The dense-knit complex of cafés, shops and ashrams collectively known as Swarg Ashram, opposite Shivananda Nagar, is the most attractive part of Rishikesh, backing on to forested hills where caves are still inhabited by sadhus or hermits. The large courtyard of the Parmarth Ashram here is crammed with brightly clad statues of gods and goddesses. Around 2 km north of Swarg Ashram, a path skirts the east bank of the river en route to Lakshman Jhula. The Lakshman Jhula is a 450-feet-long suspension bridge and was built in 1939. The Lakshman Temple on the west bank has been built to commemorate the journey of Lakshmana across the river on a jute rope. Many of the temples and ashrams around both ends of the bridge-such as the extraordinary Kailashananda Ashram, with each of its thirteen stories dedicated to a different deity-are always filled with devotees. It is a pleasant 2-km walk from this place to the Shivananda Jhula. Ganga Museum has one of the richest collections of Mughal and Rajput paintings of the 18th and 19th centuries. The tomb of Fateh Jang, built in honor of one of Shahjahan's ministers, combines Islamic and Hindu architectural features. The Jaisamand Lake is a large artificial lake constructed by Maharaja Jai Singh in 1910 and makes an excellent picnic spot. The Vijay Mandir Palace is the royal residence of Maharaja Jai Singh, uninhabited except for old retainers. This palace serves as a window to the lifestyle of the princes.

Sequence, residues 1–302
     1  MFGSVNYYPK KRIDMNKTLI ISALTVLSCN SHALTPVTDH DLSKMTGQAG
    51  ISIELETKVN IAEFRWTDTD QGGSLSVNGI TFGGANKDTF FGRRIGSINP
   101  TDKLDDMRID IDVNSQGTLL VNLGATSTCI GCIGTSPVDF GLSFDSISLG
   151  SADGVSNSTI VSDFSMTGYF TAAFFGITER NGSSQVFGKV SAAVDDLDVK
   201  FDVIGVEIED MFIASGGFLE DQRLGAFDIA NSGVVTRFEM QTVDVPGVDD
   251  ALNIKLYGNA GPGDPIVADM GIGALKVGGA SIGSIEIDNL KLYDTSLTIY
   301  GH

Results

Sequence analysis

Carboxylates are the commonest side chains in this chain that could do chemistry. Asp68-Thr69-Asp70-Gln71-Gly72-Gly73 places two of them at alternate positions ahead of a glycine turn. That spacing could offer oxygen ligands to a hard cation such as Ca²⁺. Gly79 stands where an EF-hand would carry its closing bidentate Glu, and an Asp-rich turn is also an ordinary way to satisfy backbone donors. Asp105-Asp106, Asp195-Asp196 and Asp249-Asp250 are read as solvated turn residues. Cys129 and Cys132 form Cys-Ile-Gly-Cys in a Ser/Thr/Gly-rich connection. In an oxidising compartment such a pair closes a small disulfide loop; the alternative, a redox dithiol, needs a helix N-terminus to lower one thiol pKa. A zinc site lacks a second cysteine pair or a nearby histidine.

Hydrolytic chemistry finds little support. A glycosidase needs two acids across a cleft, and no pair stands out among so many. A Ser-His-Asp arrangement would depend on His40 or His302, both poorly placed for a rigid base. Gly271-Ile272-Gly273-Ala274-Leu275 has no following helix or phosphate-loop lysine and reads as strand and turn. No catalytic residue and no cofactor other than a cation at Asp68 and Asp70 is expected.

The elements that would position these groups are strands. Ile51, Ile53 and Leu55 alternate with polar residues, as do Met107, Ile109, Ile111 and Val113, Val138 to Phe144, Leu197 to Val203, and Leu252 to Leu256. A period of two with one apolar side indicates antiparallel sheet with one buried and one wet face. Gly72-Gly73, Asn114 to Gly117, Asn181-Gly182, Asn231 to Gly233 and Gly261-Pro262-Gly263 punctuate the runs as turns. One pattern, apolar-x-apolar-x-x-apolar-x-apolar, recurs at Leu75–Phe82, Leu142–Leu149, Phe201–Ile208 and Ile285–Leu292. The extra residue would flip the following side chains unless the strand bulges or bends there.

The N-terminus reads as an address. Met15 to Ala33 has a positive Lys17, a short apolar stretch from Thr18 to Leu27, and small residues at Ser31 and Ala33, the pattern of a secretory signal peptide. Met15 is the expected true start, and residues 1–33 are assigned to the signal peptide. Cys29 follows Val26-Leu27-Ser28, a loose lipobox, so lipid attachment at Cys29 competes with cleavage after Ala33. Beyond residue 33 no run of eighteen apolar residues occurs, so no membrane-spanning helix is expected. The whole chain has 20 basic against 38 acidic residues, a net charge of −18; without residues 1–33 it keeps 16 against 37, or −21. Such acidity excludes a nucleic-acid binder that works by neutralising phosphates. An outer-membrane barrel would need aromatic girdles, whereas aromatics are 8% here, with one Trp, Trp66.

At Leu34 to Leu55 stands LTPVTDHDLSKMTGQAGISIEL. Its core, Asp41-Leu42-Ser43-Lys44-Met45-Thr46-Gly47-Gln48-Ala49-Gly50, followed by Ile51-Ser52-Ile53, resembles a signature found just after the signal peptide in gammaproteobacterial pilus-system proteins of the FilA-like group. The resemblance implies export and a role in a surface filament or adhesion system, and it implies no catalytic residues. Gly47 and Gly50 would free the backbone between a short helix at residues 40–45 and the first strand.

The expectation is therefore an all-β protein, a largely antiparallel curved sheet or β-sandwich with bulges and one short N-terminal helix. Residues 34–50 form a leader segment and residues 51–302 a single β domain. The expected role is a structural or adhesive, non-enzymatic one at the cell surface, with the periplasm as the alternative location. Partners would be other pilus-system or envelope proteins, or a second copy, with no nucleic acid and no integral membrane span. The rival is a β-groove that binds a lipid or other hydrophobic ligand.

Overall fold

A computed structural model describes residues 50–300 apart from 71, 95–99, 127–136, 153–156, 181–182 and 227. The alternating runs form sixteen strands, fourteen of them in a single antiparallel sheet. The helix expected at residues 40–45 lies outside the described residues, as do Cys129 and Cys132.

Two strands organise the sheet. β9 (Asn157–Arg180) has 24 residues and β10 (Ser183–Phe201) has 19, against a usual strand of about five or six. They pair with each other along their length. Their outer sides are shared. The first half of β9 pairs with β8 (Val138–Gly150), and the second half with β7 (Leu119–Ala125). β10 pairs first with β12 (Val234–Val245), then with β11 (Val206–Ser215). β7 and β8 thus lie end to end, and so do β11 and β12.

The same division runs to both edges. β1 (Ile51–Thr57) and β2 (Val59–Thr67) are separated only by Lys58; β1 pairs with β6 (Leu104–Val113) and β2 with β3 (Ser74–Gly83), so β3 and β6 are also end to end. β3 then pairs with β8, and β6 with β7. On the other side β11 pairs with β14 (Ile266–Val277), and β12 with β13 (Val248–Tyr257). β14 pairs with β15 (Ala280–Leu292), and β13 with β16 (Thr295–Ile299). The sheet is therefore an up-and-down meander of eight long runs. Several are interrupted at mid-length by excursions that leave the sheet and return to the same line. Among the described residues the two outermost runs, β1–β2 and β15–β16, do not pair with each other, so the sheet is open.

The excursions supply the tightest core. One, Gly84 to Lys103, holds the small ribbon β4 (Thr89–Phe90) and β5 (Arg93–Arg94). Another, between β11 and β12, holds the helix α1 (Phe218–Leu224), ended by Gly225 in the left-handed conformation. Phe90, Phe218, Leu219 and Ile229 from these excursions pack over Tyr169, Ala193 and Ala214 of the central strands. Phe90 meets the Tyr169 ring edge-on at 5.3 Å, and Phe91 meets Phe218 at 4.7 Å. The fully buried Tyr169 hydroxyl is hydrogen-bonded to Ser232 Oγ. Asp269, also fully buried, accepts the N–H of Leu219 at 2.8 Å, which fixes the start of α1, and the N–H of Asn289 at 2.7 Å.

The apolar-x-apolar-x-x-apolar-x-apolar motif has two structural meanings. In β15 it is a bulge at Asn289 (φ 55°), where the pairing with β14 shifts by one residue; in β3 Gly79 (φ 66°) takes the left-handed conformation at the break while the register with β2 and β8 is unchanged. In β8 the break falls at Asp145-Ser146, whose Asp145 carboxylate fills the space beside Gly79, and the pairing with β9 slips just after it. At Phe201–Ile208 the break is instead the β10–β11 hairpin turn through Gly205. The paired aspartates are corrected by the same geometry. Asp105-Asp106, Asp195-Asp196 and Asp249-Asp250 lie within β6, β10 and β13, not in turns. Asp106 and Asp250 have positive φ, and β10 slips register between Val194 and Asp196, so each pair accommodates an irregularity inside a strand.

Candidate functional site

Places Around Rishikesh

The Vilas Vinay Palace, about 10 km from the main township, is a garden palace and was once the residence of Maharaja Vinay Singh. Its gardens are watered by the Silisehr Lake. There is a hunting lodge on the hillside overlooking the lake and it has been now turned into a hotel.

Fifteen kilometers on the Rishikesh-Chamba road is located the historical town of Narendra Nagar. A town of archaeological importance, it was built by the King of Tehri, Narendra Singh. The royal palace here is worth seeing as is the magnificent statue of Lord Shiva's attendant, the Nandi bull.

Rajaji National Park at Chilla is 16 km from Rishikesh. The park (820 sq km) has wildlife in abundance and is especially known for its wild elephants. The Sariska sanctuary is 37 km from Rishikesh. It was established in 1955 and is located in the valley of the Aravallis.

The Nilkanth Mahadev, east of Rishikesh, is one of the holiest shrines here. The beautiful forest track rises through the forests behind Swarg Ashram, passes Mahesh Yogi's ashram, and eventually descends to Nilkantha, which is at an altitude of 1700 meters. Its small bazaar and dharamshala become especially animated during mid-July, when pilgrims flock to the temple.

The small white Shakti temple of Kunjapuri is 10 km higher at the sharp point of an almost perfectly conical hill with breathtaking views of the Himalayas to the north.

Rishikesh is called the yoga capital of the world and there are many ashrams in Rishikesh offering courses on meditation, yoga and Hindu philosophy. The hatha yoga and pranayama meditation classes at Sri Ved Niketan Ashram are well known. The Shivananda Ashram (Ph: 430040) is located opposite the Shivananda Jhula and is flocked by tourists. It is also possible to stay in the ashram by intimating the authorities a month earlier. Other ashrams include the Yoga Niketan Ashram (Ph: 430227), Omkarananda Ashram (Ph: 430883), Vanmali Gita Yogashram (Ph: 431316), Dayananda Vedanta Ashram, Brahma Niwas and the Yoga Study Center (Ph: 431196). The International Yoga Festival is organized every year from March 1 to 7 by  Uttarakhand Tourism.